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Recent Examples on the Web: Noun Still, after this recent storm spared South Florida but took no pity on our neighbors in the Bahamas, many have the desire to help in some way. Amanda Klarsfeld, sun-sentinel.com, "Residents offer rescue and refuge to Bahamian family after Hurricane Dorian," 11 Oct. 2019 This response almost always results in condescending chuckles of pity that my life is so small and boring. Robin Abrahams, BostonGlobe.com, "Advice: My friends snicker about my green travel," 26 July 2019 The movie was his show from start to finish, with Philippe hiring Driss for a readily comprehensible reason—the latter’s total absence of pity. Joe Morgenstern, WSJ, "‘The Upside’ Review: Uplift on Demand," 10 Jan. 2019 The view of Judaism in mainstream evangelicalism these days is much more one of pity, seeing Jewish people as incomplete & not having learned the full truth. Tara Isabella Burton, Vox, "Messianic Jews and Jews for Jesus, explained," 31 Oct. 2018 The world’s refugees and migrants don’t demand our pity. Paul Salopek, National Geographic, "A storyteller chronicles the mass migrations that define our age," 17 July 2019 Devotees of the Spider-Man comic books will be a step or two ahead of the rest of us in answering those questions, and more’s the pity, since being hoodwinked is part of the fun. San Diego Union-Tribune, "Review: ‘Spider-Man: Far From Home’ often soars, though not as much as it twists," 3 July 2019 The famous ones can turn the story into a public tragedy that stirs our pity and terror. Margo Jefferson, Harper's magazine, "Lost Boy," 24 June 2019 No one is going to have pity on the Browns for that. Dan Labbe, cleveland.com, "Browns win, but questions remain with Rams coming to town," 16 Sep. 2019 Recent Examples on the Web: Verb Its view of women who dance to make money is unsentimental and never pitying. Stephanie Zacharek, Time, "Hustlers Proves Jennifer Lopez Has Been This Great All Along," 12 Sep. 2019 Alex is lonely and self-pitying after Jessica dumped him for Justin again. Ariana Romero, refinery29.com, "The Timeline You Need To Understand 13 Reasons Why Season 3," 24 Aug. 2019 For a moment, waiting for the horn to sound, Legacy pitied her. Melody Chiu, PEOPLE.com, "Get a First Look at Kobe Bryant's Upcoming Young Adult Novel Legacy and The Queen," 26 July 2019 There are people who are hurt by things in life that are easy to name and be pitied for. Lea Carpenter, Time, "'Desire Is Always Evolving.' What the 'Three Women' Author Learned After a Decade Following Women's Sex Lives," 19 July 2019 The hullabaloo couldn’t, however, erase the impression of a Kamala Harris the public had never before seen, or the tone of her self-pitying attack on Mr. Biden that went back decades to the busing era. Dorothy Rabinowitz, WSJ, "Kamala Harris’s Debate Victory Proves Pyrrhic," 10 July 2019 These are the Warriors, not the Little Sisters of the Poor, so nobody’s going to pity their misfortune. Dan Wolken, USA TODAY, "Opinion: Is coach Steve Kerr one of NBA's greatest? He will be if Warriors win this title," 4 June 2019 So pity the poor black cat, which through no fault of its own has gone from being an instrument of the devil to the convenient tool of the horror writer—and a favorite Halloween cliché. Amanda Foreman, WSJ, "The Dark Lore of Black Cats," 18 Oct. 2018 One of said older girls is Tracy, 31, Demi’s brunette nemesis, a woman Demi appears to pity simply for being, well, 31. Courtney Lund, Marie Claire, "ABC's 'The Bachelor' Has Never Felt More Openly Ageist Than Right Now," 23 Jan. 2019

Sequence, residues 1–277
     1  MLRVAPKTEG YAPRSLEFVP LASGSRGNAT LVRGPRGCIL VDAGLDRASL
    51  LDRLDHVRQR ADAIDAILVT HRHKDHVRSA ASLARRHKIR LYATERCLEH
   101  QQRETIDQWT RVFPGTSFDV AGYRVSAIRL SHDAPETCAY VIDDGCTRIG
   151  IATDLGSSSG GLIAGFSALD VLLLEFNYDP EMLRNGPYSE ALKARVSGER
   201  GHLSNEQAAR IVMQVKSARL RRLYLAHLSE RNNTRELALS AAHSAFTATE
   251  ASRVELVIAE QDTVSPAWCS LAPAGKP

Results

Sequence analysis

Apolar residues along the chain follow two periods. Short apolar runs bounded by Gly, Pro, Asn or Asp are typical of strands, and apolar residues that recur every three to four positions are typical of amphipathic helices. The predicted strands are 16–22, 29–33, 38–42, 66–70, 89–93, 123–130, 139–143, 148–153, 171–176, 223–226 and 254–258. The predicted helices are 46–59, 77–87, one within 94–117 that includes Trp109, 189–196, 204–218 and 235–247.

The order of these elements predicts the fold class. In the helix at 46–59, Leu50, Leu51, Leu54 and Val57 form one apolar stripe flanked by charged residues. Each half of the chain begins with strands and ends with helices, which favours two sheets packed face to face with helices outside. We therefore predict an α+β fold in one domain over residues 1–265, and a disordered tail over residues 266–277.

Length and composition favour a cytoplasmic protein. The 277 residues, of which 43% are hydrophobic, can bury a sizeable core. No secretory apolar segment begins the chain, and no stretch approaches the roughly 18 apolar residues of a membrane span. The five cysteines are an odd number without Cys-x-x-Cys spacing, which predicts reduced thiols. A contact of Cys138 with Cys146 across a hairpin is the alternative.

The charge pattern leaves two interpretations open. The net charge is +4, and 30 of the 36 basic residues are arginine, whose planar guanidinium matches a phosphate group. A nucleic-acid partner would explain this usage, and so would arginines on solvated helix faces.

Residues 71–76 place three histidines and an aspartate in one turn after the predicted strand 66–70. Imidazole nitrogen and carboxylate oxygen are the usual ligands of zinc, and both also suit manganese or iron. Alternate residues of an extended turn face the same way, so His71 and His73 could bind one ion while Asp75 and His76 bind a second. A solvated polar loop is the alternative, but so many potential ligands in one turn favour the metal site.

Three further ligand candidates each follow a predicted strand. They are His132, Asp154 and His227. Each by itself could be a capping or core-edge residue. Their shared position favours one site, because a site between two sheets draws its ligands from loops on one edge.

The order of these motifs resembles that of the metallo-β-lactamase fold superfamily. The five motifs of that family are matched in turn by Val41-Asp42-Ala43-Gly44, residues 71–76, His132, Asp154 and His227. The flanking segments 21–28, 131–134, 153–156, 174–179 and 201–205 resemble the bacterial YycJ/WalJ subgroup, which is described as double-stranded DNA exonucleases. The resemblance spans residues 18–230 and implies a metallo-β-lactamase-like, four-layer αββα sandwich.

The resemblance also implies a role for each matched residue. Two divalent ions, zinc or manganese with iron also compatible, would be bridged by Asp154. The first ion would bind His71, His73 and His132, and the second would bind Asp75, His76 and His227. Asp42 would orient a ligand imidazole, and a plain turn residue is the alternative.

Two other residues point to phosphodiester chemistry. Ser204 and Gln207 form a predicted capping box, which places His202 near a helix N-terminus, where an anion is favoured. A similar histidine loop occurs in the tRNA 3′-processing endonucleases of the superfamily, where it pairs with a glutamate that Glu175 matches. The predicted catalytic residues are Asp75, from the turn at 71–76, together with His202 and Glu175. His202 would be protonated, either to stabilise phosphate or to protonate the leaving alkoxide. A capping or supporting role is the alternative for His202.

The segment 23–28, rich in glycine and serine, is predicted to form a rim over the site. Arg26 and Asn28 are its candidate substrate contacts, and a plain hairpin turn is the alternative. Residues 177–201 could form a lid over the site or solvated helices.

These example sentences are selected automatically from various online news sources to reflect current usage of the word 'pity.' Views expressed in the examples do not represent the opinion of Merriam-Webster or its editors. Send us feedback.